Tags: John McCain | Senate Armed Services Committee | Obama foreign policy

McCain 'Now Has Power' to Shape or Destroy Obama Foreign Policy

Image: McCain 'Now Has Power' to Shape or Destroy Obama Foreign Policy
(Kevin Dietsch/UPI/Landov)

By    |   Tuesday, 13 Jan 2015 12:58 PM

At 78, Arizona Republican Sen. John McCain may be the aging "lion in winter," but look for him to spring youthfully into action, newly energized by winning his long-coveted dream job as head of the Senate Armed Services Committee.

McCain's new position is the "fulfillment of a lifelong political aspiration," Mark Salter, co-author of several of McCain's books, told The New York Times.

Leslie Gelb, president emeritus of the Council on Foreign Relations, told the Times that "McCain now has the power either to destroy the president’s national security policy or shape it constructively. This is the first step to see whether he is going to use his new power to clobber Obama as he has for the past six years, or whether he will use it to try to shape and improve Obama's policy."

So far, it looks like "clobber."

McCain, who lost the 2008 run for president to Obama and said "of course" he believes he would make a better commander in chief, termed Obama's defense policy "delusional" and "a disaster," and warned, "that attack you saw in Paris? You'll see an attack in the United States," the Times reported.

As a former Navy pilot, the son and grandson of admirals, and a prisoner of war in the infamous Hanoi Hilton for six years, McCain's attachment to the military has been a lifelong affair, and made him a painful thorn in the side of the Obama administration.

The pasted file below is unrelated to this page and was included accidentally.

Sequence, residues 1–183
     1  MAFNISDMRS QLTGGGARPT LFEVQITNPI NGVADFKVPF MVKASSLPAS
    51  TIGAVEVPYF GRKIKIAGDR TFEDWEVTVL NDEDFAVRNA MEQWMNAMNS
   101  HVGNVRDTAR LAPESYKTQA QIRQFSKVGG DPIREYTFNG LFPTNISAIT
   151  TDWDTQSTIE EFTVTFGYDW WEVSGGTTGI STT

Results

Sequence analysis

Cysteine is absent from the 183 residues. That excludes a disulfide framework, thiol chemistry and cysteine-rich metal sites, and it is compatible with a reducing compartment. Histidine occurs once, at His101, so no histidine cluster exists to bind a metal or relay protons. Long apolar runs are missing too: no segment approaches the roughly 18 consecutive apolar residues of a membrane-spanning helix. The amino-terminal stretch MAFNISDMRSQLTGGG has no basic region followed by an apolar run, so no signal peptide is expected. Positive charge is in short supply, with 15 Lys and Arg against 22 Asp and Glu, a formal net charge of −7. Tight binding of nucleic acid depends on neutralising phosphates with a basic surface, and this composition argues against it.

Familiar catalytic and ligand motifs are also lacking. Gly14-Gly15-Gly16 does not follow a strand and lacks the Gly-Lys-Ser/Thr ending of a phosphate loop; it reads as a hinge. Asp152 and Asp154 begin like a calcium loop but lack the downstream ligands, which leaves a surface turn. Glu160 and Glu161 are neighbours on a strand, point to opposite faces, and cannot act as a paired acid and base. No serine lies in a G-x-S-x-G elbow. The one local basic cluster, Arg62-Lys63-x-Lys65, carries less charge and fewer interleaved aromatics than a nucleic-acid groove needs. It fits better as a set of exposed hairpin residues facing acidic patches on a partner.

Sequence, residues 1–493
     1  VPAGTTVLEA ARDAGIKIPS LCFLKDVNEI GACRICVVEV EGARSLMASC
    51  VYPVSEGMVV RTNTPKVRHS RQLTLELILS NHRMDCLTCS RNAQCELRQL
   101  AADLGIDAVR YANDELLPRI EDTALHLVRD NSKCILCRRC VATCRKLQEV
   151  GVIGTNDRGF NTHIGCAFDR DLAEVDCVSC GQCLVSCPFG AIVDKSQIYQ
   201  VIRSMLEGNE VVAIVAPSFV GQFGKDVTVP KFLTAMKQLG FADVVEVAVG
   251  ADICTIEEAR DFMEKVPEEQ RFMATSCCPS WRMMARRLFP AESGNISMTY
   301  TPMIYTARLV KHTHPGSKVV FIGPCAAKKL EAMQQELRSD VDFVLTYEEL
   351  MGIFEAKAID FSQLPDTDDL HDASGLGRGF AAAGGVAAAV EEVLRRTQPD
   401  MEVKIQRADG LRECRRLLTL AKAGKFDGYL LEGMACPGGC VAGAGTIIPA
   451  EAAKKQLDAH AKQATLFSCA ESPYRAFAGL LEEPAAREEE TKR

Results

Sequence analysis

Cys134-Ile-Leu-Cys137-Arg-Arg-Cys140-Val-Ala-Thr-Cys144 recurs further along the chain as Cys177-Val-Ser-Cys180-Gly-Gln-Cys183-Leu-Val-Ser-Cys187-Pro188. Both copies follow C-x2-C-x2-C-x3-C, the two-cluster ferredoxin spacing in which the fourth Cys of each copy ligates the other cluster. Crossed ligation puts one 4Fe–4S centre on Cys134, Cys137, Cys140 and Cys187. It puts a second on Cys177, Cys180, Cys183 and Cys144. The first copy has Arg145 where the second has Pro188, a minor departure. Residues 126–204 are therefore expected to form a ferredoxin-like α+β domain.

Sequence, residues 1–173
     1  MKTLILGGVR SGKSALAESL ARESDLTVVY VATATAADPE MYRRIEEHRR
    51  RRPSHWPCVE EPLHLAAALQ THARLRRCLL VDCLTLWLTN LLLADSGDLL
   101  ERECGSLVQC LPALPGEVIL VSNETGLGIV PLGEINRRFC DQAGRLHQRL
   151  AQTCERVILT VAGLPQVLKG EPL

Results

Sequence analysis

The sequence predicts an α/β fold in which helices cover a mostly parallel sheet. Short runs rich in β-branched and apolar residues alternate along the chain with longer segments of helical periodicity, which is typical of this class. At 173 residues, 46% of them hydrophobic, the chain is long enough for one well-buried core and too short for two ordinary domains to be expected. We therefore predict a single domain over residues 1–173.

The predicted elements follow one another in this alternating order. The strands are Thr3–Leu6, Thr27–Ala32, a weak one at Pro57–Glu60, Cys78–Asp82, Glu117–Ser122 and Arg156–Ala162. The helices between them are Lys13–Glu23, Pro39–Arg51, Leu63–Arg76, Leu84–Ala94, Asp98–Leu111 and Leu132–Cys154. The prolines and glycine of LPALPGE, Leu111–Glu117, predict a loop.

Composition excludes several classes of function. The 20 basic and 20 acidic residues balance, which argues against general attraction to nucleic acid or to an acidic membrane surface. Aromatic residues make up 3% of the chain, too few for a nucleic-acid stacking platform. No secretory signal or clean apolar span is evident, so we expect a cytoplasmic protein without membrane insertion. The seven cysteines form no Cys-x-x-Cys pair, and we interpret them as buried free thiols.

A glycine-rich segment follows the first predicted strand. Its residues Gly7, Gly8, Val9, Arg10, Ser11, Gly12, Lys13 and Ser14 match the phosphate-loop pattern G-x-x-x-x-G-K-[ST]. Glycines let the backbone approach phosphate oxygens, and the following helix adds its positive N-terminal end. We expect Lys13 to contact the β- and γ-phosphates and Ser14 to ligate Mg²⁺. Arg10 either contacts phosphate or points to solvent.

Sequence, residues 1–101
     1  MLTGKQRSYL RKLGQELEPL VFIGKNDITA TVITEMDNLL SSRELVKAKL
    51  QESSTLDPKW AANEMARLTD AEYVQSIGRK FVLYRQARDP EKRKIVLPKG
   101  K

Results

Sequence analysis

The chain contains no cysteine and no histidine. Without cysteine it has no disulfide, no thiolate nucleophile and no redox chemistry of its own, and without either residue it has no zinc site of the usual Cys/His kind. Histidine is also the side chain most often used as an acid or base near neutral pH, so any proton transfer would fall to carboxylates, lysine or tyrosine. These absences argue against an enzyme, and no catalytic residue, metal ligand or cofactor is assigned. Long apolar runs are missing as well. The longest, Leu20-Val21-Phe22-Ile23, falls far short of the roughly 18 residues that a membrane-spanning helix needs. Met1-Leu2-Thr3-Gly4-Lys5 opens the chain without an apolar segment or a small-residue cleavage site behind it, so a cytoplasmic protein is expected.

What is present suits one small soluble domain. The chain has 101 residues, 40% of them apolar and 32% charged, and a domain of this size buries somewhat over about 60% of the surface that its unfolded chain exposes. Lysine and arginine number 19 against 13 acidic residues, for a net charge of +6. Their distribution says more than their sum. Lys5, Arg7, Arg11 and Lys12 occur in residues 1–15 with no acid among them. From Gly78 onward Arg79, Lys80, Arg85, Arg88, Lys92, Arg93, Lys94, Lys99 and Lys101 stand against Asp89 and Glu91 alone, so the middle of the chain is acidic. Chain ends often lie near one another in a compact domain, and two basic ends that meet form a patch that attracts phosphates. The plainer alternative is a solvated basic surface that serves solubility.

For example, he recently told CNN's "State of the Union" that the administration has "no strategy to degrade or defeat" the Islamic State.

"ISIS right now is winning," McCain said. "We need to go after them. We need to have more boots on the ground. We need a no-fly zone. We need to arm the Free Syrian Army. And we need a coherent strategy that can be presented to the Congress," The Hill reported.

McCain is furious about Obama's change of policy to intervene in Syria, after Obama assured him he would do so.

McCain told the Times, "When somebody looks you in the eye in the Oval Office and says they're going to do something, don't you take their word for it? I did. I took his word for it. And obviously I shouldn't have."

Sen. Jack Reed, D-Rhode Island, told the Times: "I sense he has found the place where his particular talents are most important and most useful to the country. He's no longer on the quest to be president, he's not being distracted by a steppingstone to the next thing, and he feels he's taking over at a crucial time to shape the policy of the United States."

McCain also is taking a modern approach to security threats, naming Sen. Deb Fischer, R-Nebraska, who stresses the need for cybersecurity, to head the Emerging Threats and Capabilities subcommittee, Defense News notes.

Still, McCain is well aware of his advancing age, telling the Times: "Every single day is a day less that I am going to be able to serve in the Senate," and adding that he has already chosen his epitaph: "He served his country."

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At 78, Arizona Republican Sen. John McCain may be the aging "lion in winter,” but look for him to spring youthfully into action, newly energized by winning his long-coveted dream job as head of the Senate Armed Services Committee.
Senate Armed Services Committee, Obama foreign policy
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2015-58-13
Tuesday, 13 Jan 2015 12:58 PM
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